The 1826 West Point Eggnog Riot (A Christmas Tale)

Google Images / Missed In History / Cracked.com

Google Images / Missed In History / Cracked.com

Every year we post a nonsense Christmas carol done in the style of Clement Clarke Moore’s T’was the Night Before Christmas. This time around we’ve mashed it together with our love of Weird History. Please enjoy this poem about a very real and not made-up whatsoever riot that occurred at West Point military academy before the Civil War.


Beloved is Christmas, good cheer and yule log.

But how far would you go, to defend the eggnog?

I will tell you now of a handful of men,

Who answered this question again and again.

Twas 1826, New York at West Point,

An academy elite, and the driest of joints.

For liquor was forbidden by headmaster Thayer,

A military man, who was thoroughly square.

But despite this ban of liquors and drafts,

The cadets came together for a Christmas repast.

While they supped and they feasted on many a course,

Their allies conspired to find a rum source.

First was Benny’s Haven, a tavern nearby,

Who bartered blankets for booze to cadets on the sly.

North’s Tavern was close, just outside the wall,

So near it would be annexed as the school’s hospital.

How, you may ask, could an academy stay dry,

Flanked as it was, by pubs on all sides?

With thirsty cadets, longing for warmth,

That eggnog could bring, on December 24th?

(It couldn’t…)

In the wee hours before sunrise, that Christmas day,

Captain Ethan Hitchcock, noticed something astray.

During his nightly patrol there was singing quite odd,

He heard carols, from students, heads heavy with ‘nog.

In the North Barracks he found the small party of drunks,

Singing and laughing in pairs on their bunks.

The cadets bristled and grumbled when he told them to stop,

And continued, as he retreated, with their swearing and schnapps.

He turned, our Captain Ethan, then to find,

Another party of inebriates, quite out of their mind.

“Hush up.” He told them. “Pipe down, go to bed.”

But try as he might, they ignored all he said.

He knew then what to do, the rules he’d enforce,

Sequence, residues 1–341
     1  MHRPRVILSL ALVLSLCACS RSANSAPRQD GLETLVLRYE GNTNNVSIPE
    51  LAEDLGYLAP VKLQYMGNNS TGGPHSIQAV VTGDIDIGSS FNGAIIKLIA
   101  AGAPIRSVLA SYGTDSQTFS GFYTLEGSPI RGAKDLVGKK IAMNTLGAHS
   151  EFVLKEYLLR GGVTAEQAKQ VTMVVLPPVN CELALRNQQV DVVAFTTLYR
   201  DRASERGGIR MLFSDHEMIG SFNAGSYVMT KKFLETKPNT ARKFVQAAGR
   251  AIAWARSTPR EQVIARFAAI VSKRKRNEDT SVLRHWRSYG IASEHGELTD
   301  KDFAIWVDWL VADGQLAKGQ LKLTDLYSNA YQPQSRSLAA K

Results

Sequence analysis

He’d go get some backup, and strike at the source.

At the gallons of whiskey and rye they’d purloined,

At the fountain of eggnog, for the peace it had ruined.

But brave these men were, as I’ve already mentioned,

They did not take kindly to their eggnog being threatened.

“Before this night is over, Captain Ethan will hang.”

So the cadets of West Point madly proclaimed.

They rallied more students from the neighboring dorms,

Knowing the officers would be back, demanding reform.

Ninety in total joined in the fun,

Believing, in earnest, that violence would come.

How would you, dear listener, in that morning fog,

Defend what’s most dear—that source of eggnog?

Would you, as our heroes, our military minds,

Nail shut the doors and barricade the blinds?

Grab pistols and dirks, and dull bayonets,

Scream warnings of violence and blood-curdling threats?

Tear bannisters from stairwells and cabinets from walls,

And apply boot to butt for the benefit of all?

Heroes, I’d say, walk hard and stand tall,

Especially when they answer the call.

And as that night passed, furious bout after bout,

While repelling the authorities their eggnog ran out.

The sun rose that morning as it does every day,

But Christmas is special, in a magical way.

Dawn’s glimmer revealed the destruction they’d wrought,

And the mess they had made, in their drunken onslaught.

Several officers nursed wounds, sad, but not fatal,

While dizzy cadets crawled out under tables.

Some woke with a start, still wielding their guns,

And looked down at the wreckage of what they had done.

Students unloaded pistols, and leaned on each other,

And when asked “Why?” by the headmaster, could only stutter.

Cadets tried, still dizzy, to line up for parade,

With memories from last night starting to fade.

Nineteen were expelled—the worst of the worst,

Including General Ben Humphreys, who put confederacy first.

Jefferson Davis was there too, found innocent without debate,
But would later head south, as President of the Confederate States.

John Campbell, the future court justice supreme,

Dodged expulsion from West Point, and got away clean.

General Hugh Mercer was expelled then quickly remitted,

And would later enlist south, once Virginia committed.

Robert E. Lee was there too, to testify for his men,

With his pristine reputation, by word and by pen.

So it was that America first heard the South’s rebel yell,

And it was a riot over liquor, and some drunks raising hell.

Beloved is Christmas, good cheer and yule log.

But really, no joke, this was all for eggnog.

-- Wiki

— Wiki

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